Styling spaces in CSS

By typographic rules, we should use different widths for a space e.g.

This page demonstrates how to set the width of a space in CSS. The idea is to use a space character or no characters, with a suitable class attribute, and set the width of the element using them em unit. The reason is that in typography and mathematics, the rules for spacing are usually specified using that unit, and it makes the spacing adapt to the font size.

0<small class=hairsp></small>–<small class=hairsp></small>0
Bien<small class=finesp>&nbsp;</small>!
550<small class=thinsp> </small>168

The choice of the markup element should depend on the desired fallback in situations where the style sheet is not applied. Using small as above makes the space somewhat narrower than a normal space in that case. If you prefer a normal space as fallback, use the span element instead.

The content of the element is also to be selected according to the desired fallback when CSS is off, though you may also consider the effect on search engines, for example. The basic idea is to use a space when orthography rules require a space and you just wish to tune its width.

Since the width property does not apply to small or span elements (or any “non-replaced inline elements”), we set display: inline-block for them. This setting is supported by modern browsers but not yet universally. However, on non-supporting browsers, the CSS settings just have no effect, which is tolerable.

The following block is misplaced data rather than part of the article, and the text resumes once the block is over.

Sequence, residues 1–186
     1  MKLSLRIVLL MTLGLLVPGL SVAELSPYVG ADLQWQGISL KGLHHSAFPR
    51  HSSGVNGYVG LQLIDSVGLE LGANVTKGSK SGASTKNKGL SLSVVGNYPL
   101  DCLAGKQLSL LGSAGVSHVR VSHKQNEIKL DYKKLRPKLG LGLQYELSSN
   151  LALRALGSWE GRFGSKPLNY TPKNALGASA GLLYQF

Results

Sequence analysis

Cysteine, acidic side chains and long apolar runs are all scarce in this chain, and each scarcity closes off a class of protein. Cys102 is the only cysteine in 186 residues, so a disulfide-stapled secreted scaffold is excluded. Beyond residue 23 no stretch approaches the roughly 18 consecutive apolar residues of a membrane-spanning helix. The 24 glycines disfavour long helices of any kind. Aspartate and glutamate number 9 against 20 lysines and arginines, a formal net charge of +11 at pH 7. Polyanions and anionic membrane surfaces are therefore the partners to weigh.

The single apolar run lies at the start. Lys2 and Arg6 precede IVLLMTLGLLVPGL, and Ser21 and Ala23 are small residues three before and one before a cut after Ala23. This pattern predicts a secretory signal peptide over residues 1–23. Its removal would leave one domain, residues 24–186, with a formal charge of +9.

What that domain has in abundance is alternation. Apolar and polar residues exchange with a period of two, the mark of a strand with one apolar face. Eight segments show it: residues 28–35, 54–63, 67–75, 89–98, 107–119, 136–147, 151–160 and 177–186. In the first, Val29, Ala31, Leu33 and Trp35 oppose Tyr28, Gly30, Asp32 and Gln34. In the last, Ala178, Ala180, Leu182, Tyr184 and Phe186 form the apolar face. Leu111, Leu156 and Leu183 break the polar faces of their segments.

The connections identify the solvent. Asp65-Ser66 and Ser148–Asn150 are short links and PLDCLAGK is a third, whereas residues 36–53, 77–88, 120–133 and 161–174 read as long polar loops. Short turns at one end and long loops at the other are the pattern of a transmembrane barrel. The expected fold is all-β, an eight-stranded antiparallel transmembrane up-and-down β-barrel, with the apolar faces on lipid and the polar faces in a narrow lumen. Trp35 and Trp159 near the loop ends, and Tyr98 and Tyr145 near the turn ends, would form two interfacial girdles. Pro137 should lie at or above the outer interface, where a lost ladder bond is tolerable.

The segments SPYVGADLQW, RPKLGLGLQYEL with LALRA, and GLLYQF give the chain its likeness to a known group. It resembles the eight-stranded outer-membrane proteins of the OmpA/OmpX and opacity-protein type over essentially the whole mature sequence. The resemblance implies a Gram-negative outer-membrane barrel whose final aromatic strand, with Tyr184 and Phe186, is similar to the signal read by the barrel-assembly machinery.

This approach is much more practical than the use of fixed-width space characters, described in the document Unicode spaces.

Types of spaces
Name Width CSS width For 16px Test Example Comment
zero-width space 0 0 0 | | foo/ bar Allows line break, like <wbr>
hair space 1/24 em 0.0417em 0.7px | | 00 Width varies, but narrower than thin space
fine space 1/8 em 0.125em 2px | | Bien ! For French punctuation
six per em space 1/6 em 0.1667em 2.7px | | 550 168 Might be suitable for grouping
thin space 1/5 em 0.2em 3.2px | | 550 168 Recommended minimum width of space
medium mathematical space 4/18 em 0.2222em 3.6px | | a + b Around operators (according to Chicago)
four per em space, mid space 1/4 em 0.25em 4px | | foo bar Average width of normal space
thick space 5/18 em 0.2778em 4.4.px | | a = b Around relational operators (according to Chicago)
three per em space 1/3 em 0.3333em 5.3px | | foo bar Width of space in a wide font
en space 1/2 em 0.5em 8px | | foo bar Recommended maximum width of space
em space 1 em 1em 16px | | foo bar

The column “For 16px” indicates the width for a typical font size of 16 pixels. Browsers may round the values to an integral number of pixels.

Note: The Elements of Typographic Style by Robert Bringhurst says that a thick space is typically 1/3 em (i.e., three per em space). There is in general a lot of variation by authority regarding the various widths for a space. In computer programs, there is considerable variation, too, and the widths are often user-settable.

In conclusion, it seems that it is mostly rather futile to do fine-tune spacing, since e.g. the medium mathematical space, mid space, and thick space typically get rounded to 4px when using the typical font size of 16px. But fine space becomes typically 2px, which looks OK (and surely better than normal word space). The hair space, if set to 1/24em, tends to behave oddly in Firefox (sometimes there's a 1px gap, sometimes not).